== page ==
Of course CAP helps to track down without much words what the database prevails about it, but people often forget that C in CAP means atomic consistency (linearizability), for example. And this caused me lots of pain to understand when trying to classify. So, besides MongoDB give strong consistency, that doesn't mean that is C. In this way, if one make this classifications, I recommend to also give more depth in how it actually works to not leave doubts.


Yes, it is CP when using safe=true. This simply means, the data made it to the masters disk. If you want to make sure it also arrived on some replica, look into the 'w=N' parameter where N is the number of replicas the data has to be saved on.

see this and this for more information.


MongoDB selects Consistency over Availability whenever there is a Partition. What it means is that when there's a partition(P) it chooses Consistency(C) over Availability(A).

To understand this, Let's understand how MongoDB does replica set works. A Replica Set has a single Primary node. The only "safe" way to commit data is to write to that node and then wait for that data to commit to a majority of nodes in the set. (you will see that flag for w=majority when sending writes)

Partition can occur in two scenarios as follows :

  • When Primary node goes down: system becomes unavailable until a new primary is selected.
  • When Primary node looses connection from too many Secondary nodes: system becomes unavailable. Other secondaries will try to elect a new Primary and current primary will step down.

Basically, whenever a partition happens and MongoDB needs to decide what to do, it will choose Consistency over Availability. It will stop accepting writes to the system until it believes that it can safely complete those writes.

  • "It will stop accepting writes to the system until it believes that it can safely complete those writes." What about reads? Would it remain read-available during that time?
    – Josh
    Jun 14, 2020 at 17:24
  • Yes it would remain read-available, if you've specified a read preference of 'primaryPreferred', 'secondaryPrefered', 'secondary' or 'closest'. Nov 12, 2020 at 13:28

Mongodb never allows write to secondary. It allows optional reads from secondary but not writes. So if your primary goes down, you can't write till a secondary becomes primary again. That is how, you sacrifice High Availability in CAP theorem. By keeping your reads only from primary you can have strong consistency.


I'm not sure about P for Mongo. Imagine situation:

  • Your replica gets split into two partitions.
  • Writes continue to both sides as new masters were elected
  • Partition is resolved - all servers are now connected again
  • What happens is that new master is elected - the one that has highest oplog, but the data from the other master gets reverted to the common state before partition and it is dumped to a file for manual recovery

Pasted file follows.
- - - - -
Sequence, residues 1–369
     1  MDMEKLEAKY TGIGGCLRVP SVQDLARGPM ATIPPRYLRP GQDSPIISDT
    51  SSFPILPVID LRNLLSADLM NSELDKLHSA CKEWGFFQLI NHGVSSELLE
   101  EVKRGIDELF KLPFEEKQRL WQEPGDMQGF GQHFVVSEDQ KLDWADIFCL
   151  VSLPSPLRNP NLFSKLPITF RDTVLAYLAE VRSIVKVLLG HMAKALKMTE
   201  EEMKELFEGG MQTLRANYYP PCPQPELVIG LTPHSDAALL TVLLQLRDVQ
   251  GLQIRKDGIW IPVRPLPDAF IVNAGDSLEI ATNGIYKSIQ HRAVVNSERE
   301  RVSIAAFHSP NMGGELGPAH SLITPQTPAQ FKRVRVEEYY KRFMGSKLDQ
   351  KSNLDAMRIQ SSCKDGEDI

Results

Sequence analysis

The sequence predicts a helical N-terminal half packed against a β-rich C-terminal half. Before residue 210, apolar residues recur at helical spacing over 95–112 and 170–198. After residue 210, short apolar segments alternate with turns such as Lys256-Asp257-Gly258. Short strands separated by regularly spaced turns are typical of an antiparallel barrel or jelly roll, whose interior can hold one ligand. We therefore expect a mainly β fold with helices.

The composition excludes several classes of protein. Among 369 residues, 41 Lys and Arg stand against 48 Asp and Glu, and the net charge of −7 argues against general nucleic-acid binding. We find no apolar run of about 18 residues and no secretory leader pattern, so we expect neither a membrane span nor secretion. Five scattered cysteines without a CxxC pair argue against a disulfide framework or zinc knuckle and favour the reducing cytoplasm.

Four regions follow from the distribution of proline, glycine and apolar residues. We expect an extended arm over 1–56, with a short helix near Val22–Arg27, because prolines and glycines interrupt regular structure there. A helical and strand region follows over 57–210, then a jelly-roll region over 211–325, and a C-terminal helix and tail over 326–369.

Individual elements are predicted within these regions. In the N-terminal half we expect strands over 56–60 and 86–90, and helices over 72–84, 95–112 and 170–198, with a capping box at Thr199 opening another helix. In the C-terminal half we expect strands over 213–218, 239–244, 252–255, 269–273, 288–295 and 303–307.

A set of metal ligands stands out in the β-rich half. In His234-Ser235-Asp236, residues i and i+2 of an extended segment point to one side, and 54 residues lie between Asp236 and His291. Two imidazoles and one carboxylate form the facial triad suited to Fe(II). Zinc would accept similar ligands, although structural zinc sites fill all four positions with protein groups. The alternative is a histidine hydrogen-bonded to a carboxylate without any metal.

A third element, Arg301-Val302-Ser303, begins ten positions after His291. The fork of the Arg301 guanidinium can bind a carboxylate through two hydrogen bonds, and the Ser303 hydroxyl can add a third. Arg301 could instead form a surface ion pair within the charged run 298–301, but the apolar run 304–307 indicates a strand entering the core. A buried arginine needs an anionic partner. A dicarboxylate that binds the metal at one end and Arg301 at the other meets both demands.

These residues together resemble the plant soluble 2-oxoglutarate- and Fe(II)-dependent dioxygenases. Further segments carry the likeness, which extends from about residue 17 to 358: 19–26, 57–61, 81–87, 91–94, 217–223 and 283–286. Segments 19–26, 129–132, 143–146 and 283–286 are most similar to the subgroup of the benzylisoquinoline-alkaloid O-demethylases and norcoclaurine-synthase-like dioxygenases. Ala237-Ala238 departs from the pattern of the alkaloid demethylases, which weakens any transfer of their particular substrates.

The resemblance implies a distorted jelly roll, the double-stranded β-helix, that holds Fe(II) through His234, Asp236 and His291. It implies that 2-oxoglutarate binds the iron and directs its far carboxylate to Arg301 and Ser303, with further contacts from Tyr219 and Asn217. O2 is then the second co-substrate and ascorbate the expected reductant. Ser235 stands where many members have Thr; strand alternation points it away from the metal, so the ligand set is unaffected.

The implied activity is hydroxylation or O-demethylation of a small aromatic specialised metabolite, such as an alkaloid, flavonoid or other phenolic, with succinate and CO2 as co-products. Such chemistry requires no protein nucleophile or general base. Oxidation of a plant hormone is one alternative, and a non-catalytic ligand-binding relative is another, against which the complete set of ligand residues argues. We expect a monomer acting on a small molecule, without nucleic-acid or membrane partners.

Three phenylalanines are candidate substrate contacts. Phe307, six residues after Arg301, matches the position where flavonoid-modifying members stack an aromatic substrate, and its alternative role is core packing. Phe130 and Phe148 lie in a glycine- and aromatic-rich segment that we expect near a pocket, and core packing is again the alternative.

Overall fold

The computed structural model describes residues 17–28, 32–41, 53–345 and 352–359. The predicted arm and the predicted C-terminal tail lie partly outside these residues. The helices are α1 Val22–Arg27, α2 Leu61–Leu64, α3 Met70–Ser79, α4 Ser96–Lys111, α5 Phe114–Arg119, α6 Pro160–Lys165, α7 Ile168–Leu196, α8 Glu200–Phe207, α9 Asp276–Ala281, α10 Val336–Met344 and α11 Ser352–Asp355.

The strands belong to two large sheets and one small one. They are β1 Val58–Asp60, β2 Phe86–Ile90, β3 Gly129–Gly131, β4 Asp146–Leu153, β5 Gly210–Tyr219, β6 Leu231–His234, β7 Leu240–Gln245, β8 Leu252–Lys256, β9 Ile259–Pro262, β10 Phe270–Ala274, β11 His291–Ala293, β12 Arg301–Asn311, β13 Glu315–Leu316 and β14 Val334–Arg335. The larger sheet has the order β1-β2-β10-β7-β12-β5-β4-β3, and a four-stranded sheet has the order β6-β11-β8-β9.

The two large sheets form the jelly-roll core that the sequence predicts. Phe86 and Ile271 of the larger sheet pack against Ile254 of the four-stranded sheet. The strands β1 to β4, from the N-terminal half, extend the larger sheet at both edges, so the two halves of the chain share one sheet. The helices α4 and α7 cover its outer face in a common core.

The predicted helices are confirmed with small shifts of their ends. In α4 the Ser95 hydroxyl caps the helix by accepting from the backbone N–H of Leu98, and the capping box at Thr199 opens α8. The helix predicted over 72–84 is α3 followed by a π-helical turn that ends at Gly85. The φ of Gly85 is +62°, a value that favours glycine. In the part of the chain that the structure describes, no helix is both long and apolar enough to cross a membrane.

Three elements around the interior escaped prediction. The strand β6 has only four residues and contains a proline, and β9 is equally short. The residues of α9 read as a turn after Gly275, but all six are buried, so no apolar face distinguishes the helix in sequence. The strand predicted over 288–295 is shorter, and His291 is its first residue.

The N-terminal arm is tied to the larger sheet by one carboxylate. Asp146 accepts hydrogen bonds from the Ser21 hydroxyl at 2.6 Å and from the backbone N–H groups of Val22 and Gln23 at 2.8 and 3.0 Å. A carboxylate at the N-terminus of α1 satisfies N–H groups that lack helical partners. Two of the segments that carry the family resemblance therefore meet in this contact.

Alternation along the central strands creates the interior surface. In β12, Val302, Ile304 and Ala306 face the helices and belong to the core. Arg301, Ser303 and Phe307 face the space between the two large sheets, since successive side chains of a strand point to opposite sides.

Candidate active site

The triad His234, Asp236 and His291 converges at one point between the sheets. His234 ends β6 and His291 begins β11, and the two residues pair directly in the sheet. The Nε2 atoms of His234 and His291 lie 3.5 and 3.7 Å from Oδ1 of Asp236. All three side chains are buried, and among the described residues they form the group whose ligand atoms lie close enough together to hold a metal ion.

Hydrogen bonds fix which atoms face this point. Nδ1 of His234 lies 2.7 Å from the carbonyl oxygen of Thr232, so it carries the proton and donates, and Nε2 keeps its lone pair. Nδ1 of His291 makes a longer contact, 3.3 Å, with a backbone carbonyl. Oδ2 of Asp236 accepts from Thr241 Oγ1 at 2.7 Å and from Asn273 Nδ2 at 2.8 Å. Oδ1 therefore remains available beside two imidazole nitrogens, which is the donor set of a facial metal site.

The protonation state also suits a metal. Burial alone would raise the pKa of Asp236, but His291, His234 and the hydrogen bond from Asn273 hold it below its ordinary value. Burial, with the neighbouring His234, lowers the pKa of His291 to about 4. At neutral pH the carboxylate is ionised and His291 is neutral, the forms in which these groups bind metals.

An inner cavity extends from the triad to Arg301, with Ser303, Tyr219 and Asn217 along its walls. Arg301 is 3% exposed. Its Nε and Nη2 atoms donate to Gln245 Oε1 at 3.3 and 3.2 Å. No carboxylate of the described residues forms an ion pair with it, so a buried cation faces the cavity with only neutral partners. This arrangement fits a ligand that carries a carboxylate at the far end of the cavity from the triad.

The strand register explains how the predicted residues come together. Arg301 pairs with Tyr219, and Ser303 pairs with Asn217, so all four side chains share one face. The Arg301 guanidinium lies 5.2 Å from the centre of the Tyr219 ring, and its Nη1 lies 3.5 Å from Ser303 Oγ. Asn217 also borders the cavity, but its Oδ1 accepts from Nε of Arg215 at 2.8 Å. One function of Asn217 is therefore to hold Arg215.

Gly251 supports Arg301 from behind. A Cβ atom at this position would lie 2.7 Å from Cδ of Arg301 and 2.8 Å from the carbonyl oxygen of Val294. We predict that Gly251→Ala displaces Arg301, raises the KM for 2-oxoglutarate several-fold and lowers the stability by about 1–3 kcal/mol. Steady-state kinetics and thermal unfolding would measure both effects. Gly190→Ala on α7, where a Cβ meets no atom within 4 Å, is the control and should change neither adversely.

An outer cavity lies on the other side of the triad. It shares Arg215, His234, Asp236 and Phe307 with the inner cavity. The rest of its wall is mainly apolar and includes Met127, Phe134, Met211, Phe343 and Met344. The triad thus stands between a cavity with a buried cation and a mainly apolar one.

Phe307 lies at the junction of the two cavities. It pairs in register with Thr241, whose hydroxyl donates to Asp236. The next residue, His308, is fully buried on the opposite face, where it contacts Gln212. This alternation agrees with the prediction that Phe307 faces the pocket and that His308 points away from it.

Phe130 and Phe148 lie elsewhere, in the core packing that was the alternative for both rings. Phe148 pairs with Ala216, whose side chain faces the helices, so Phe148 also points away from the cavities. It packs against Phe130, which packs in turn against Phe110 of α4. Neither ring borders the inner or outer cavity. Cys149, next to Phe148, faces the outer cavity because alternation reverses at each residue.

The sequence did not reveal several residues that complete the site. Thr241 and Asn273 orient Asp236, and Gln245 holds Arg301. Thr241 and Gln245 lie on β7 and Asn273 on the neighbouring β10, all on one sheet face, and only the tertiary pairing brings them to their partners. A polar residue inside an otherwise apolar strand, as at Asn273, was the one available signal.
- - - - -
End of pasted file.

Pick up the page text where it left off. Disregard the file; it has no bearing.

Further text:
• all secondaries catch up with the new master

The problem here is that the dump file size is limited and if you had a partition for a long time you can loose your data forever.

You can say that it's unlikely to happen - yes, unless in the cloud where it is more common than one may think.

This example is why I would be very careful before assigning any letter to any database. There's so many scenarios and implementations are not perfect.

If anyone knows if this scenario has been addressed in later releases of Mongo please comment! (I haven't been following everything that was happening for some time..)

  • 5
    MongoDB's election protocol is designed to have (at most) a single primary. A primary can only be elected (and sustained) by a strict majority of configured replica set voting members (n/2 +1). In the event of a network partition, only one partition (with the majority of voting members) can elect a primary; a prior primary in a minority partition will step down and become a secondary. This is the way replica sets have always worked. In the event a former primary has accepted writes that were not replicated, they will be rolled back (saved to disk) when that member rejoins the replica set.
    – Stennie
    Jun 17, 2018 at 20:32

Mongodb gives up availability. When we talk about availability in the context of the CAP theorem, it is about avoiding single points of failure that can go down. In mongodb. there is a primary router host. and if that goes down,there is gonna be some downtime in the time that it takes for it to elect a new replacement server to take its place. In practical, that is gonna happen very qucikly. we do have a couple of hot standbys sitting there ready to go. So as soon as the system detects that primary routing host went down, it is gonna switch over to a new one pretty much right away. Technically speaking it is still single point of failure. There is still a chance of downtime when that happens.

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There is a config server, that is the primary and we have an app server, that is primary at any given time. even though we have multiple backups, there is gonna be a brief period of downtime if any of those servers go down. the system has to first detect that there was an outage and then remaining servers need to reelect a new primary host to take its place. that might take a few seconds and this is enough to say that mongodb is trading off the availability